The winner of the Ebay auction will be written into an ETU “Midnight Tale” (adventure outline) and includes a piece of interior art in his or her likeness. 12 to Midnight pledges to let the winner choose whether the character in this horror setting is killed in a spectacular style or allowed to survive as a potential victim another day. 

 “This is a great opportunity to not only become a part of RPG ‘canon’ in a campaign world, but also to help advance the mission of defeating autism,” says 12 to Midnight president Preston P. DuBose. “Not many people know that at least some forms of autism are treatable, but the Autism Research Institute is literally changing people’s lives. The RPG community has been very supportive of us for the last four years, so we felt it was past time to ‘pay forward’ and help a very worthy cause.”

 The ETU auction runs until December 21. Other fundraisers include an auction for an autographed copy Bloodlines (modern d20 System edition) and donations of sales made at the Midnight Cellar online store.

We are taking off the month of December with regard to the ETU Designer’s Journal to instead bring you a series of articles on Autism in support of the Midnight Charity Project. Even though this isn’t game related, we hope you’ll take a few moments to read it. 

Howdy. First I want to thank everyone who is supporting this drive to raise money for the Autism Research Institute. Your support during this holiday season is a tremendous gift and very much appreciated.

As some of you may know, I have two boys. The youngest, Kevin, is a high functioning autistic child. He has Pervasive Developmental Disorder (PDD- in educationalese). I consider my family to be very lucky as he can function in society, learn, and become a productive citizen, though he may always have “autistic” tendencies.

I knew the day he was born something was wrong, but no one could tell what. As a newborn he was very fidgety, could never get comfortable, and cried a lot! Of course we thought he was just a colicky baby, but I knew something was wrong. It was as if whenever I tried to hold him he would not be consoled. As if he hated being held or touched. He never played peek-a-boo or showed interest in what other people were doing. As he grew into a toddler, he did not develop speech as my other son had done, but remained with a type of baby gibberish. He did mature physically very quickly and was pulling up at 9 months and walked extremely early, never really crawling as most babies’ do.

I asked our pediatrician several times if something was wrong with him, each time she said she didn’t think so and that some children “just develop at different rates” from others. I was very impressed that he learned the alphabet, seemingly overnight, and spent hours playing with magnetic letters on the refrigerator. I could ask him for any letter and he would give it to me. My wife and I worried that the only true speech he had developed included “mom, dad, coke,” and the letters of the alphabet. I also realized that if I ever tried to make eye contact, he could not look me in the eyes and always immediately looked away.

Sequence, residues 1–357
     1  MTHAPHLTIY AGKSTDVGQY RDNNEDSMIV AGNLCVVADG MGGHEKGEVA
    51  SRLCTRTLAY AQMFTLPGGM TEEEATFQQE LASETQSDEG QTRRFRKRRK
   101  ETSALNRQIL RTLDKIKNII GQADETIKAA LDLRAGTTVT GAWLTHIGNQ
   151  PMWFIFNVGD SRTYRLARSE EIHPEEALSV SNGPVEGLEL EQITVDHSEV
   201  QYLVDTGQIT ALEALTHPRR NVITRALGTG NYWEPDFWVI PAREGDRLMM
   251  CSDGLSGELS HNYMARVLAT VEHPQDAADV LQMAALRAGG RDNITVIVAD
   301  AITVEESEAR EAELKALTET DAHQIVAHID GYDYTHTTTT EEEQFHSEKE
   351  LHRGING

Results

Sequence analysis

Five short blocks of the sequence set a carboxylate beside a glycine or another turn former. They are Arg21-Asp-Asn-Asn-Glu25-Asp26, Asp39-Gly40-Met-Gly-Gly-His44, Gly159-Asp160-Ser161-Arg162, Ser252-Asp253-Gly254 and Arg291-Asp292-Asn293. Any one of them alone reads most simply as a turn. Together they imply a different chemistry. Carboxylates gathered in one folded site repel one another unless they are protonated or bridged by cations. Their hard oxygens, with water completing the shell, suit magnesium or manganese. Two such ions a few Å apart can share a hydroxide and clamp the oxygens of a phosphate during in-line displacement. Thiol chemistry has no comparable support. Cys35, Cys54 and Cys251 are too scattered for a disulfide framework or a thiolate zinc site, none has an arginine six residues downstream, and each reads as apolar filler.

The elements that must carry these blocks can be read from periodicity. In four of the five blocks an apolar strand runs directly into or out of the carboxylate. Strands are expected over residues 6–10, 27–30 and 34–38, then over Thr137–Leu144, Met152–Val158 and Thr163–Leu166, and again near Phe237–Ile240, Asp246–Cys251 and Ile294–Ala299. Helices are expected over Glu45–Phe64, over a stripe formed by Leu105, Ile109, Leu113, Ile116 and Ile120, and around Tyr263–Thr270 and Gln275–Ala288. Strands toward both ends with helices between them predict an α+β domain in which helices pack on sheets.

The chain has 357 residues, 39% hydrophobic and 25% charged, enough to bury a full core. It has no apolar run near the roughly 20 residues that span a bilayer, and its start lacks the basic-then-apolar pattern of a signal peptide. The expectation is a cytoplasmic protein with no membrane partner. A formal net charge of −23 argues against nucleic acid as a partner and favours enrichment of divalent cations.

It was stressful to ever go out in public as he seemed to never hear us, was uncontrollable, and generally raised hell wherever he was. We left restaurants early, rarely visited others, and were even afraid to leave him with the sitters at church. Our friends were afraid when we came to visit as nothing was safe. He would run through their home and though I don’t remember him breaking anything, it was a constant worry.

Realizing he needed help, we contacted our local school system and they recommended he attend speech therapy classes at the elementary school with a speech therapist. He was to receive 30 minutes instruction a week. He was 3 ½ years old at the time. The young therapist told us to leave him with her. The first session lasted a total of 10 minutes and the therapist told my wife that she couldn’t work with Kevin as he wouldn’t sit down or listen to her. There were also three other children in the session. My wife sat in on the second and all subsequent sessions to assist in “controlling” Kevin. After a particularly frustrating experience, the therapist told Tracey (my wife) that she simply couldn’t help him, but we could continue to bring him and let him play in the corner.

I got very angry. I have a Special Education Teaching Certification and I know the laws. That is not a right the therapist actually has. I called her and told her my opinion. My wife and I then decided against attending any more of the sessions.